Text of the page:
Republican News · Thursday 13 July 2000

[An Phoblacht]

Break up the old boy's club

Conference on UN backs neutrality

The Second World War ended 55 years ago. Out of the ashes arose the United Nations and the Universal Declaration of Human Rights. But the victors in the war were determined that their supremacy would prevail and they contrived the Security Council as the real controlling body of the UN. Imperialism triumphed over idealism. Despite all that has happened in five and a half decades, those WWII victors still control the UN. They are the Permanent Members of the Security Council - the USA, Russia, China, France and Britain.

``The world's most powerful old boy's club'' was how former Assistant Secretary General of the United Nations Denis Halliday described the Security Council. An Irishman, Halliday has won worldwide respect for his opposition to Security Council sanctions against Iraq. He resigned in protest at the sanctions, which he estimates have killed as many as one million people, mostly children denied proper medicine and food, in the past ten years.

Halliday was one of the keynote speakers at a conference in Dublin last weekend jointly organised by the Peace and Neutrality Alliance (PANA), UNICEF and the Irish United Nations Association on the theme `Transforming the United Nations'.

In a hard-hitting speech, Halliday detailed from the inside the many failings of the UN. But he stressed that it can and must be changed: ``The UN we have today, discredited and humiliated in Somalia, Rwanda, Sierra Leone, former Yugoslavia and elsewhere, constitutes the only legitimate world body.''

He proposed the abolition of the Security Council and its replacement by a democratic Council with equal representation from all the regions of the world.

Halliday also strongly opposed the continuing erosion of Irish neutrality, saying: ``Membership of NATO would destroy the reputation of this country as a non-aligned independent country of conscience, learned under a colonial regime and the resulting famine and suffering. We know about humanitarian crises, we have experienced genocide in our own country.''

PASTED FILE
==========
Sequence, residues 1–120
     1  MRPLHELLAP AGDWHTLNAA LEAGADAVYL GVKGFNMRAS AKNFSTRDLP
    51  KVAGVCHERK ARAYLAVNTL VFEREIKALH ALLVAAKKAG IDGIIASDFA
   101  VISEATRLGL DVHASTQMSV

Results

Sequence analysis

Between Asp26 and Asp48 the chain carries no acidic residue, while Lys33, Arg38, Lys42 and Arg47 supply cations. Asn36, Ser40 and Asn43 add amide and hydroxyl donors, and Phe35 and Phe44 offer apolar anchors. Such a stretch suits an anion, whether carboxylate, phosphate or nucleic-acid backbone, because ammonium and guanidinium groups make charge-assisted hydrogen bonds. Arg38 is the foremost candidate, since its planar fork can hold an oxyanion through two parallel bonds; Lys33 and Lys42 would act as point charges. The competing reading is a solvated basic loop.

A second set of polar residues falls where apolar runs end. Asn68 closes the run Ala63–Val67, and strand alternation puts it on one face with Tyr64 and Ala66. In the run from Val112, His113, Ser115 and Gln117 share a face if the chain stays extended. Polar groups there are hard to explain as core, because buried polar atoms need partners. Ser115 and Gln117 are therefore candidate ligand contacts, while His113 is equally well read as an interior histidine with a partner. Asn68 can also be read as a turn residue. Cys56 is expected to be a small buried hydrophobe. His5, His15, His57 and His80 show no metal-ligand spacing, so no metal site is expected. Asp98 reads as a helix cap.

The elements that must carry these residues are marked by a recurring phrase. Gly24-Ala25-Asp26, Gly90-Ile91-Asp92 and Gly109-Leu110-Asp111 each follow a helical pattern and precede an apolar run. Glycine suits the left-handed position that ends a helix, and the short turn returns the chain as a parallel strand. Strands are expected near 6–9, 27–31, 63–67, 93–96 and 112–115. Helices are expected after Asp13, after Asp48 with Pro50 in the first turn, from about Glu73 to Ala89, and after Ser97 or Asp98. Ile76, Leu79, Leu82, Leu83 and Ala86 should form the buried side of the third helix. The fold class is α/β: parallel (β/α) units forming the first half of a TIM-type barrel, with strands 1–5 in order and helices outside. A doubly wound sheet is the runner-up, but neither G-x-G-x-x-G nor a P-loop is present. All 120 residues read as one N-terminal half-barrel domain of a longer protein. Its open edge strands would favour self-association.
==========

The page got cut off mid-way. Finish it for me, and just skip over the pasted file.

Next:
This was very pertinent comment after the statement from Foreign Affairs Minister Brian Cowen that those opposed to the militarisation of the EU were ``isolationists''. Cowen's view was ridiculed at the Conference at which virtually every group in Ireland working on international affairs was represented. Roger Cole of PANA, co-sponsors of the Conference, vowed to campaign against the further integration of the state into EU `defence' structures under the forthcoming Treaty of Nice at the end of this year.

The most high profile speaker was former President Mary Robinson, now UN High Commissioner for Human Rights. In a thinly veiled reference to the US, Robinson said that ``many countries do not wish the UN to interfere with their geo-political interests'' and this was an obstacle to reform, although she believed it could be overcome. Robinson was highly critical of the Irish government's policy on refugees and asylum seekers:

``Ireland could be giving the lead in the fight against racism and xenophobia but, unfortunately, that is not happening. I mentioned earlier Ireland's high standing in UN circles. Well the reality is that Ireland's image has been damaged by recent racist attacks and by attitudes towards refugees and asylum seekers.''

Tom Hyland of the East Timor Ireland Solidarity Campaign spoke of his direct experience of UN failures. However it was the ``only show in town'' and must be reformed. In an example to all concerned with human rights Hyland, who was a lone campaigner for East Timor in Ireland for many years, said that it would not be a case now of him ``going back to walking my dogs around the park in Ballyfermot''. He pledged his continuing commitment to peace and justice in East Timor and worldwide.

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